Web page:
If it is determined in step 416 that the task is to be processed using an SBF behavior, the process 400 continues to step 432, where a check is made to see if an applicable SBF model exists. If the SBF model exists, the model is selected in step 434 and the process 400 proceeds to step 436, where it is determined whether an applicable behavior exists for the selected SBF model. If the behavior exists, it is selected in step 446. If the behavior does not exist, it may be encoded in the SBF model using a TMK hierarchy (e.g., recursively defining the method in TMK via the process 400) in step 444. Returning to the determination made in step 432, if an applicable SBF model does not exist, the process 400 continues to step 438, where components and connections may be defined for the SBF model. In step 440, a determination is made as to whether the desired types of components and connections exist. If the components or connections do not exist, then they may be encoded as SBF models in step 442 (as illustrated in
In step 448, the inputs and outputs from the task are mapped to the method or procedure, which means that the part of the SBF model that is of interest to the method is selected and given a name. More specifically, mapping means assigning SBF objects or parts of those objects to the names of the input or output. Accordingly, an input named X could be assigned my-SBF-model1.component1 (e.g., X<=my-SBF-model1.component1). In addition, this assignment may come from the method above or the subtask preceding the current subtask. In step 450, the conditions are defined for when to use the method or procedure. These conditions may also depend on the knowledge mapped from the above task. If multiple methods or behaviors for a task are known or desired by the user, the process 400 may include a check for this in step 452 and then return control to step 416 if the answer is affirmative. If there are no additional methods or behaviors to solve the task, the methods are ordered for processing in step 454.
After processing a method, a determination is made in step 456 as to whether the task is the final task. If not, the process 400 returns to step 414 to process the next task or subtask. If the determination is made in step 456 that there are no additional subtasks, the user may have the option to go back through the hierarchy and modify parameters via step 458. After the modification occurs, the process returns to step 414. If the parameters are satisfactory, the process 400 ends.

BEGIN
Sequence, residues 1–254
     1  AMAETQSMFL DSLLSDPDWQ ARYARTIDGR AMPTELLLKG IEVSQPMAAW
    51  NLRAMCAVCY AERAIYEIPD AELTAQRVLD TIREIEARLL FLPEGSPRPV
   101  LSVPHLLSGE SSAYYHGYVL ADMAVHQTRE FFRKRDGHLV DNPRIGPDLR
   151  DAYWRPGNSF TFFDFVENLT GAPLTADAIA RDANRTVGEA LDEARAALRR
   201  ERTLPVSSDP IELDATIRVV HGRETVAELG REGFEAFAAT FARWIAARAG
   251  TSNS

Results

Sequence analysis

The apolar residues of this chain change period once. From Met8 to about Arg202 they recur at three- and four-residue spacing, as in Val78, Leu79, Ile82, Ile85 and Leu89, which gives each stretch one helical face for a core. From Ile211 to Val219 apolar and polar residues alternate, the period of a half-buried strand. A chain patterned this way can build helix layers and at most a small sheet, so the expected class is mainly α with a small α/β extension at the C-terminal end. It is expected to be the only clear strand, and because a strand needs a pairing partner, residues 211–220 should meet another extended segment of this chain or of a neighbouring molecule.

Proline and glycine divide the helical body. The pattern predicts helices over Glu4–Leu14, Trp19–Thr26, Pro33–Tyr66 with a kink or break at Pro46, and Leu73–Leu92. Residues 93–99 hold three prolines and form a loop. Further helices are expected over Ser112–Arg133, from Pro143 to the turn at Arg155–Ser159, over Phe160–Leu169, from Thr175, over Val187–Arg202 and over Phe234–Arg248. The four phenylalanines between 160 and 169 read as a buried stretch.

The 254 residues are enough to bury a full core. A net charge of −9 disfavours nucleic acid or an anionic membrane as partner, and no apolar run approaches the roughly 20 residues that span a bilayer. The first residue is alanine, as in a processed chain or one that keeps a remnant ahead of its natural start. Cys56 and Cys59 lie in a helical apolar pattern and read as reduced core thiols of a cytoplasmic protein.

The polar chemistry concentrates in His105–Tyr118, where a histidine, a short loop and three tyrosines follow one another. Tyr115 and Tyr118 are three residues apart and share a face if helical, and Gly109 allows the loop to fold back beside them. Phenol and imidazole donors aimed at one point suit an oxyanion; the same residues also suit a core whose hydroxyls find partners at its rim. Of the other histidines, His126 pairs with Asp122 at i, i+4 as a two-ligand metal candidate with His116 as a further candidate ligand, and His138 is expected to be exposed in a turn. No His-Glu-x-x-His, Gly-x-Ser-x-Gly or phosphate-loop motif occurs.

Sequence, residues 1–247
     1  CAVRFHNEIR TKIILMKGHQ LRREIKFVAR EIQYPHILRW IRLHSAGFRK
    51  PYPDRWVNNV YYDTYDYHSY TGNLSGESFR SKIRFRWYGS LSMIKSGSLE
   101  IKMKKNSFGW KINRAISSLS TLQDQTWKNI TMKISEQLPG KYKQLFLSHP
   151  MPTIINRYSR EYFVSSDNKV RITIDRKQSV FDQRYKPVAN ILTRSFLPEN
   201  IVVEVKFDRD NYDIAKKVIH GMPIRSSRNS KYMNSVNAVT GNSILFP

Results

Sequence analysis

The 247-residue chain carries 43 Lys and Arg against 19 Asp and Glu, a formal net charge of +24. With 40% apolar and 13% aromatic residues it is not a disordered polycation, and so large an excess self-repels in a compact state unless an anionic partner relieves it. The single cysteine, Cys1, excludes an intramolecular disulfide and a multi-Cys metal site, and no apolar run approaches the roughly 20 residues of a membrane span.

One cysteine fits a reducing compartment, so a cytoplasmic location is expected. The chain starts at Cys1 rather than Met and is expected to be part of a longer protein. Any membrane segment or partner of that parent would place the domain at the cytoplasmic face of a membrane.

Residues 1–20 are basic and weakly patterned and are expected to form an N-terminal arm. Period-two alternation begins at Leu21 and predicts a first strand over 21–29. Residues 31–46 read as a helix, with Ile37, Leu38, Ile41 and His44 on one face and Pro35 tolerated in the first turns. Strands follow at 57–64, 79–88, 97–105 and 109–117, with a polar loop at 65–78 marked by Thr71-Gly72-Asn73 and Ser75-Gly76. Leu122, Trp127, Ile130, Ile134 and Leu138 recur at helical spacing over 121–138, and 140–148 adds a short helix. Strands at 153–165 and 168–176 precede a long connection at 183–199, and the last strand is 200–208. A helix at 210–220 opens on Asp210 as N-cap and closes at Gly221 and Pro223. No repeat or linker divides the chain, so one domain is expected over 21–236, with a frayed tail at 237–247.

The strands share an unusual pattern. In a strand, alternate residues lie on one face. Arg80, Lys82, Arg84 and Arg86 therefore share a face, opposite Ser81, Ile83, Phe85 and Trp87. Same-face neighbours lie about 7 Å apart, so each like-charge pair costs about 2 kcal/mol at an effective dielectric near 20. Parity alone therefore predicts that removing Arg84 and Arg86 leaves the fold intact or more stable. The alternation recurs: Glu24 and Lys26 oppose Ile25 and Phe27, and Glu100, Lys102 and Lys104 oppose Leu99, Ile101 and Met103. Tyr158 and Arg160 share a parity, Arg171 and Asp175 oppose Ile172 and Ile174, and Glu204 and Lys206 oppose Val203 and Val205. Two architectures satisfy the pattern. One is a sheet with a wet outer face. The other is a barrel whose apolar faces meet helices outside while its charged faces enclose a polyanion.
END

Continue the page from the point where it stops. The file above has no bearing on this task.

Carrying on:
The recursion enabled by the process 400 allows an invoking instance to complete as all of the instances which it invoked complete. This continues until all invoked instances of the initial instance complete, and the initial instance itself completes. Accordingly, the success or failure of the initial task (the initial instance of the process 400) determines if an overall solution has been found. The solution may be found using a combination of TMK and SBF approaches for different instances.
Referring now to
In the current example, the method 214 of the TMK tree 200 of
Referring now to
In the current example, the “Fill” behavior 316 of
Accordingly, the combination of TMK and SBF, by using SBF models as methods in TMK hierarchies and using TMK strategies as SBF behaviors, allows the definition and solution of problems not addressed by either method alone. The combination of TMK and SBF provides a unified and symmetric approach to knowledge processing. From within the TMK hierarchy, the designer can incorporate all of the power of the SBF approach by including it as a method of a task. Similarly, from within the SBF structure of models and instances, the full power of TMK can be included as artifact behaviors and functions. Thus, the combination provides what neither approach does alone: namely, the combination of strategic and artifact knowledge. The designer can start with either SBF or TMK, or start with existing SBF models or existing TMK hierarchies, and then add and include the other form of knowledge at the appropriate point. This may be accomplished by declaring a TMK method to be the behavior or function of an SBF artifact, or by declaring an SBF state diagram to be the method of a TMK hierarchy.
Referring now to
The task 710 is related to a method 712 and a procedure 714 using TaskMethod 716 and TaskProcedure 718 table entries. For purposes of clarity, although it is understood that multiple methods and procedures may exist, only a single method 712 and a single procedure 714 will be discussed. The table entries contain information about the relationship between the task 710 and the procedure 714, or the task 710 and the method 712. The information may include the name of the method/procedure, a description, and/or a comment about the relationship; a condition under which the method or procedure may be executed, and if more than one condition is met, the order in which they are run; and references to any parent tasks and the child methods for the relationship. Thus, when the task 710 is selected, all related methods and procedures can be found along with the conditions under which they are run. They may then be executed in a specified order.